With the experience of photographing over 150 weddings in around 11 countries, we have seen some things which can be easily avoided. Although since most brides and grooms do not know what to expect we always share our experiences.
1. Ceremony Interrupters
This actually happens a lot in Sikh weddings; it isn’t uncommon for local gurdwara worshippers to come and pay their respects while the ceremony is ongoing. Especially in moments like the lawna or father giving the palla to the bride, it would be unfortunate to miss these special moments due to someone walking in or bowing down during the ceremony.
We usually ask couples to assign two family members or friends who can sit near the gurdwara hall entrance and request local worshippers to wait a little bit to pay their respects and avoid going with the ceremony still ongoing. Here is an example to images first one shows you so many people in the background and second images shows you couple only.
2. You Don’t Need Backup
There will be times when family members of the bride and groom sit right behind them at the Sikh ceremony. The idea is that the bride needs support getting up and family members wants to make sure that when the couple comes back after the lawan, they are not sitting over their clothes.
We agree that the bride might need some assistance to get up or sit back down; however from a photography standpoint if there are people sitting right behind the couple, every time we take a photo we won’t be able to highlight the couple as much since there are multiple faces in the background.
We want the couple to stand out during the ceremony and if we have the bhabhi or sisters sitting right behind them in every picture, the images wouldn’t focus on the couple as much it would have done if no one was sitting behind them.
We understand that the bride and groom might want the help; so, to avoid the distractions we suggest that family members sit on the right or left side of the couple. This way they can help the bride or groom if required and not take away from the couple’s pictures. Also, there will be enough time to capture family pictures.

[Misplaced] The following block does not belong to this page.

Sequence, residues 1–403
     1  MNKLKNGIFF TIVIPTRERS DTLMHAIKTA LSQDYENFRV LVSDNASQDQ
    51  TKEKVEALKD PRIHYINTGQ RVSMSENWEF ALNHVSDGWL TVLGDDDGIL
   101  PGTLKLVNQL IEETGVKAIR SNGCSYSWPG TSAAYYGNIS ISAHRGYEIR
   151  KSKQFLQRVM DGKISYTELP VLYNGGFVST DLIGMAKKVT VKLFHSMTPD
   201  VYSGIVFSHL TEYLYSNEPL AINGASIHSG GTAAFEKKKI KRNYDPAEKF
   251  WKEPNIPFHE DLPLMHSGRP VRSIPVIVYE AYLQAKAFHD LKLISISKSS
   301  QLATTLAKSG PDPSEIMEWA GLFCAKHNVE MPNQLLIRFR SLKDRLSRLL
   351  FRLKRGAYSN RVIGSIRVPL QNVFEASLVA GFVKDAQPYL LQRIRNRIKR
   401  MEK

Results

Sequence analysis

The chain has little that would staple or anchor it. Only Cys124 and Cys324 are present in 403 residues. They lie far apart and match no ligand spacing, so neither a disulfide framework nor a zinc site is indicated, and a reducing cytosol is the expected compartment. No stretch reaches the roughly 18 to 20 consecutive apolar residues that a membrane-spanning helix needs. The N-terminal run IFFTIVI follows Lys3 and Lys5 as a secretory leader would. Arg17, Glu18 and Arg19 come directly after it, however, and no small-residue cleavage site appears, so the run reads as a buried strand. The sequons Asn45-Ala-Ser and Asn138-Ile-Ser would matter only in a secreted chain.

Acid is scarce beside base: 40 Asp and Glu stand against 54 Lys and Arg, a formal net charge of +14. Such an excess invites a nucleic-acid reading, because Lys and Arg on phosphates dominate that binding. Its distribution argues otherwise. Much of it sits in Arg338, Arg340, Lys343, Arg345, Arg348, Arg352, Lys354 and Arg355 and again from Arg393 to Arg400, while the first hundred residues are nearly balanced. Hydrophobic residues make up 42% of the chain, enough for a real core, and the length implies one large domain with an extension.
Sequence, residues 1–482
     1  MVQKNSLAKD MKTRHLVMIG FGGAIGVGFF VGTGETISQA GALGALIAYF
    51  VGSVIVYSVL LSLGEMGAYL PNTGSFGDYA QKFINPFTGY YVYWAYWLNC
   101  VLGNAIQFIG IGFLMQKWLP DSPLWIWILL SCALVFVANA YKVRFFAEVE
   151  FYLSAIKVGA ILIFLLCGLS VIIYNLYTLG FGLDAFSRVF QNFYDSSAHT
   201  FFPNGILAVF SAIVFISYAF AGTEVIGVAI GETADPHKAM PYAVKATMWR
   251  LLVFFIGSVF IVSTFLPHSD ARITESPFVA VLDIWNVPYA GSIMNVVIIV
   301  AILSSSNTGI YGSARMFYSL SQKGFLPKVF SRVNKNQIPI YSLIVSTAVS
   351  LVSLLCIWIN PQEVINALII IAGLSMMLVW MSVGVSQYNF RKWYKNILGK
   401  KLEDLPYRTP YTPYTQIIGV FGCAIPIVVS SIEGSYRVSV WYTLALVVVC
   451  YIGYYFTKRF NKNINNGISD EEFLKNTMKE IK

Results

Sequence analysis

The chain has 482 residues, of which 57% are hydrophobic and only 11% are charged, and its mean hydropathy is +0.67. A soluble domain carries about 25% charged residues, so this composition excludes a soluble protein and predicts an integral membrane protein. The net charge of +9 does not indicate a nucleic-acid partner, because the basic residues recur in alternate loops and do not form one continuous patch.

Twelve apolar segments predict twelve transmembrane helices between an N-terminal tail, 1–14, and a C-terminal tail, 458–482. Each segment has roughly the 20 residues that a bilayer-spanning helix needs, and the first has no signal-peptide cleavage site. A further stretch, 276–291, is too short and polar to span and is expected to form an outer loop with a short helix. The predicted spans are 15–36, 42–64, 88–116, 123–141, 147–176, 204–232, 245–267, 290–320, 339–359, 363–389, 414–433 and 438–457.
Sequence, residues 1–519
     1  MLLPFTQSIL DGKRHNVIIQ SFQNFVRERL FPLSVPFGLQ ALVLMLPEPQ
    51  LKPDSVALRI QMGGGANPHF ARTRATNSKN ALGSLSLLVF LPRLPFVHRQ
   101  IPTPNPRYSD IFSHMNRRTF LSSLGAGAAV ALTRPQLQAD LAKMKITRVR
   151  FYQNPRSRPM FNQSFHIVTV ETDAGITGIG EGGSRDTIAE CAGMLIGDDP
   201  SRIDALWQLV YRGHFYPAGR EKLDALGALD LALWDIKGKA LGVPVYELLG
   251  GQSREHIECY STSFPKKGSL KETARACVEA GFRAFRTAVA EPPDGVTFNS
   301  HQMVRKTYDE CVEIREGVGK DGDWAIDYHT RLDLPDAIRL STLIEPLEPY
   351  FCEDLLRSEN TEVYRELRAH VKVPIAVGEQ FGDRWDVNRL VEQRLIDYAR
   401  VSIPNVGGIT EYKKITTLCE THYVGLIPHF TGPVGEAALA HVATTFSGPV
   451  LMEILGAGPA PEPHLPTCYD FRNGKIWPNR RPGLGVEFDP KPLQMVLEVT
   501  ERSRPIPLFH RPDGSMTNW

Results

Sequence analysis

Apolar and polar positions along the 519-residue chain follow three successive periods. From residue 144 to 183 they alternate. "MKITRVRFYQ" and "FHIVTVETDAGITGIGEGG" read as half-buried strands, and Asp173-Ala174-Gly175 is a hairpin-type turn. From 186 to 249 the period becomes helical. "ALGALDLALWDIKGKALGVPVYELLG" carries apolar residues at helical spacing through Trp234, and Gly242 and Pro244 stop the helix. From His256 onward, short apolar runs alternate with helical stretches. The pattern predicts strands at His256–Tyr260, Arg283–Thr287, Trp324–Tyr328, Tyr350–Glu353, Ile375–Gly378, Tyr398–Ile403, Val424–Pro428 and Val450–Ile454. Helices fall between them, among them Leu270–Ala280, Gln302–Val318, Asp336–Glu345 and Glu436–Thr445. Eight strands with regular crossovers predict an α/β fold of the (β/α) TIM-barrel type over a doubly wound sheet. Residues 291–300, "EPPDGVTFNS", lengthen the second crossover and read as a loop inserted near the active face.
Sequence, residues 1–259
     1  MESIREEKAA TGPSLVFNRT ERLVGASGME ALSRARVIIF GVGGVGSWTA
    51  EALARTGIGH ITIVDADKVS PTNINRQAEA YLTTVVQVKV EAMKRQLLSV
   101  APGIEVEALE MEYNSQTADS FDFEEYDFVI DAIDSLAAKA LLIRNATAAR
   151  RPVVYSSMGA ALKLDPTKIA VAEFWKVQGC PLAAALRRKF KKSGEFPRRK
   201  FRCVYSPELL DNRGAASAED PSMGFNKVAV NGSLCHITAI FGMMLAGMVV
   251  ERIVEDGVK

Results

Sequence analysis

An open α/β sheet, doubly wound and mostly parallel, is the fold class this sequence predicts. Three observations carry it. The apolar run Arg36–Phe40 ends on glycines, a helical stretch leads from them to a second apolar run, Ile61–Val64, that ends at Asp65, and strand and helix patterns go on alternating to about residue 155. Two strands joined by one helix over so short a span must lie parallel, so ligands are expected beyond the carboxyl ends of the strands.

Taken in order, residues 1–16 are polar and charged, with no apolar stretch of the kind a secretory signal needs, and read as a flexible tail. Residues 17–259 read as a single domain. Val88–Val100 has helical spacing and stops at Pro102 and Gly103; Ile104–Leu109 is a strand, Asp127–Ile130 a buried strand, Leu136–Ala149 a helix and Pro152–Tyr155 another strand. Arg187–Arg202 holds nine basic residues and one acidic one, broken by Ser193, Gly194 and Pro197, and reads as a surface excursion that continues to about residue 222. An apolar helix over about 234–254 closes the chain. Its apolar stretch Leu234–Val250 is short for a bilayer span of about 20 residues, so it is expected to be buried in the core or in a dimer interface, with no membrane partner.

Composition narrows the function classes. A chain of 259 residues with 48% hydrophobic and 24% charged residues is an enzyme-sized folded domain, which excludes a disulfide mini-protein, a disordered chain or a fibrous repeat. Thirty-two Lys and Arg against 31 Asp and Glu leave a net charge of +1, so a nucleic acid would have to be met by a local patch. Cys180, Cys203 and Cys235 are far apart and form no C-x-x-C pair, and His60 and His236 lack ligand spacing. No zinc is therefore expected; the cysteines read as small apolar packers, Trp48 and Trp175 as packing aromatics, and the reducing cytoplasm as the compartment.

Another suggestions, when the bride comes back after the lawan the individual who will be helping her can remain on their knees instead of standing up. This will also help in having cleaner shots of the couple.
Here are some images from Toronto gurdwaras showing the difference it makes in the final images.
3. Brothers Not Allowed
One of the rituals which was practiced before was brothers to stand up around the palki during the lawan ceremony to help the bride walk around the Sikh holy book. The reasoning behind this ceremony was that in olden times, brides would have their faces covered with their dupattas during the ceremony and would require assistance to avoid tripping during the lawan.
These days the dupatta does not cover brides’ eyes although brides still like to practice as it shows their connection between sisters and brothers.
As photographers, we recommend that you have that communication with the gurdwara management team while planning your Sikh wedding ceremony.
We have had so many cases where the priest or granthi ji openly announced that brothers are not allowed and it gets really awkward during the ceremony. Ideally, while booking the gurdwara have these conversations with the management team which every Sikh temple has in the GTA.
Having these conversations before the wedding day definitely can help avoid any last minute confusions and this also applies for floral pallas. Every gurdwara management has different set of rules for when it comes to these things, so please confirm when you book your gurdwara.
4. Confirm Post-Wedding Ceremony Speeches
Scheduling and allocating time to events accurately is very important especially when you are having a one-day wedding. Usually already working with a tight schedule, allocating maximum speech times can help avoid long gurdwara speeches which could easily delay the rest of your day’s schedule. It is always a good idea to talk to the gurdwara management and ask them how much time they will need to perform the ceremony and if they will be doing some katha or speeches after the wedding ceremony, so you can plan accordingly.
5. At Least One Family Picture
Right after the Sikh ceremony, usually there is a long shagun line and we do take photos of each guest in the line. Keep in mind during this time we are not allowed to photograph from the front of the couple as it is considered disrespectful to turn your back to the Sri Guru Granth Sahib Ji, the Sikh holy book. Therefore, we will photograph from either the left or right side of the couple.
During this time, there is a long line of people on the back, some people prefer to stand others sit and regardless there will be a lot of noise in these pictures. Due to the given constraints, we would agree that these images are not the most flattering. We highly recommend when the shagun ceremony is over to take at least one picture with first families of the bride and groom and with grandparents or important members of your family outside of the main hall or any location recommended by the photographer.
We want to create a cohesive clean look for your wedding album. We, at Alfaaz Photography, don’t leave the wedding without one good family image from both the wedding and reception. Keeping in mind that for parents, these are the most important images, so we make sure to not skip these at any wedding.